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OKUP Concerns on the ‘Push Back’ of Bangladeshi ‘undocumented’ migrant workers from some labour receiving countries
Published on : 13 April, 2020


The current decision of the government of some labour receiving countries regarding the forced return of so-called ‘undocumented Bangladeshi migrant workers’ is simply inhuman, cruel and injustice especially amidst the current global pandemic situation of COVID-19.

Ovibashi Karmi Unnayan Program (OKUP), as a migrant organization, is deeply concerned on the issue since it would affect the lives of a huge number of migrant workers and their families. OKUP believes that Bangladesh is not in a position to get repatriated the huge number of ‘undocumented migrant workers’ at a time. Therefore, we strongly protest the decision taken by some labour receiving countries.

We strongly express that the migrant workers are the victim of the whole recruitment system, primarily the ‘kafala’ or ‘sponsorship’ recruitment system which indulge widespread ‘visa trading’ and put migrant workers in ‘undocumented’ situation. Rather, the migrant workers, irrespective of their status, contribute a lot to the overall development of the countries of destination.

OKUP, therefore, appeal to the governments of those labour receiving countries to annul their decision at this moment of global COVID-19 pandemic, instead they should stand beside Bangladesh in the fight of COVID-19.

We recommend that the government of Bangladesh must prepare a multi-year plan for the repatriation of its ‘undocumented migrant workers’ and carryout strong negotiation and lobby with the government of those countries for their cooperation in systematic repatriation rather than a sudden ‘push back’. The government of Bangladesh can raise the issue in the regional platform of labour sending countries like ‘Colombo Process’ and seek their cooperation to deal with the concerns jointly.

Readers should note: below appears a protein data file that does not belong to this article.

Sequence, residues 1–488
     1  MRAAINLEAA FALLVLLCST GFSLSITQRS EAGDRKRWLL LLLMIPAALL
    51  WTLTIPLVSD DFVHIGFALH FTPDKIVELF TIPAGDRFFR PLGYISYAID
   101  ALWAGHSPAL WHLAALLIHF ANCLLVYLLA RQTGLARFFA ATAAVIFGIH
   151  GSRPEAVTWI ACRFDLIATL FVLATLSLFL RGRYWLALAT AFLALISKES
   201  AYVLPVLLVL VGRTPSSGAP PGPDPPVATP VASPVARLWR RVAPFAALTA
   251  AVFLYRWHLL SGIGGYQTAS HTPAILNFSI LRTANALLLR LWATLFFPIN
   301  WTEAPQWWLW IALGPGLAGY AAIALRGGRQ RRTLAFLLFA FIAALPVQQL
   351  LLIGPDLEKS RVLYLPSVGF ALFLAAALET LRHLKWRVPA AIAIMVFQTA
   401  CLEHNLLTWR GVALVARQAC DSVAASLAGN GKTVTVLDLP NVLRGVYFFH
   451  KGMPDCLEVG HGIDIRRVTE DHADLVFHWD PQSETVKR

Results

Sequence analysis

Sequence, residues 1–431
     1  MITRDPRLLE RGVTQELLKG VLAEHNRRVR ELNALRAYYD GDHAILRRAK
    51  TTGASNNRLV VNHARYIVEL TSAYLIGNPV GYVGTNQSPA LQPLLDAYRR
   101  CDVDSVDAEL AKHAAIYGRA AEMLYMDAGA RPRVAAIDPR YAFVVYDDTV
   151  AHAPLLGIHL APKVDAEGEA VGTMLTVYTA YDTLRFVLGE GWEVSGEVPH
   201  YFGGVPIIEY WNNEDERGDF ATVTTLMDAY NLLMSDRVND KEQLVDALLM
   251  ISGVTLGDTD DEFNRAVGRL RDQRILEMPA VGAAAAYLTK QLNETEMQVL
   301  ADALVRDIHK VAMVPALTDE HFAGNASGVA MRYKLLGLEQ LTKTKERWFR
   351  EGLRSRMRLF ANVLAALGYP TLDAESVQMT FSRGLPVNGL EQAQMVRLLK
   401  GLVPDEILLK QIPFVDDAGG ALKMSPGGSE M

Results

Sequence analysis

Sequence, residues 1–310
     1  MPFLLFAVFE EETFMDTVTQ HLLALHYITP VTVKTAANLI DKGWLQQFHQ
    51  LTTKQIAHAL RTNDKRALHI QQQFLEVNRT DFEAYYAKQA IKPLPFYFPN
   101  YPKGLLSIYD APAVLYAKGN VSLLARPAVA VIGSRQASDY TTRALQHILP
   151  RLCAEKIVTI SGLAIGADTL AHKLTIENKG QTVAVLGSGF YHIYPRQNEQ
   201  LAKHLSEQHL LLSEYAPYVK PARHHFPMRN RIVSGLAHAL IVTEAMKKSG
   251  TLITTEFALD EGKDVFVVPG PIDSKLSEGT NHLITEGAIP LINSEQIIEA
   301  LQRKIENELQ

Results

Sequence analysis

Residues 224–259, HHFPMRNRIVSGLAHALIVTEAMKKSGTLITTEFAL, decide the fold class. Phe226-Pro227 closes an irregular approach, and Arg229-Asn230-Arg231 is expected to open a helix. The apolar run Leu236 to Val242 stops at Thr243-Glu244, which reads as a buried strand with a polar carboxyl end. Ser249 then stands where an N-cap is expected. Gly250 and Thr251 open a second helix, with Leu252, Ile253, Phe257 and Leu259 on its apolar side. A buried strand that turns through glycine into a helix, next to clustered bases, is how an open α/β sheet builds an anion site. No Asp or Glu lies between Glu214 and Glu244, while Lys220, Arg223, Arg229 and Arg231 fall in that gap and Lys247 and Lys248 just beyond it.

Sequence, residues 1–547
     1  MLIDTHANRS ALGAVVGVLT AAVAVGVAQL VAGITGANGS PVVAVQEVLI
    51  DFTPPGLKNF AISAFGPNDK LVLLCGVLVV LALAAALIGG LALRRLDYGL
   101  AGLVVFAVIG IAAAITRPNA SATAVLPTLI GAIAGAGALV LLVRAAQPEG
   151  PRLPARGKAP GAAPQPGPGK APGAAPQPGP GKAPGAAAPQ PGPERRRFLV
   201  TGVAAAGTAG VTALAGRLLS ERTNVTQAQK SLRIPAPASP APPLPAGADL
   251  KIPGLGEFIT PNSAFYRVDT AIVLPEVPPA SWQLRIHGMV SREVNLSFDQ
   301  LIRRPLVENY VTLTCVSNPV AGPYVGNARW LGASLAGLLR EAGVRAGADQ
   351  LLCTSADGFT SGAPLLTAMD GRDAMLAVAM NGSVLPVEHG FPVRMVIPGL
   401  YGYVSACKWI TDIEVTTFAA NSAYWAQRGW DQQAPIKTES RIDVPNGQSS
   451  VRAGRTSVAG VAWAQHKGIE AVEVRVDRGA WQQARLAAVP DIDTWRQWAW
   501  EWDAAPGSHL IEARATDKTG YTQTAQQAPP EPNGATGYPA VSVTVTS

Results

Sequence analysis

We recommend that the government must prepare a comprehensive ‘Plan of Action’ for short-term, mid-term and long-term reintegration and livelihoods of the returnees. The

short-term plan may include emergency supports upon return; the mid-term is to assist the returnees in starting alternative income generation activities while the long-term mega-plan should focus on creating sustainable livelihoods for all Bangladeshi workers in the changing global economic landscape caused by the impact of COVID-19. The line ministries, the concerned government departments, development partners, and other relevant stakeholders including migrants’ organizations could work together in this regard.

Finally, we draw due attention of the government of Bangladesh for a sincere assessment and review of the whole recruitment system, take necessary actions to ensure improved recruitment system, and make sure accountability of key actors in the recruitment practices in the post COVID-19 era.

We wish safe stay and good health of all migrant workers around the world and want equal protection and services for the migrant workers irrespective of their status in all countries of destination in this pandemic situation of COVID -19.

 

Written by Shakirul Islam, Chair of OKUP

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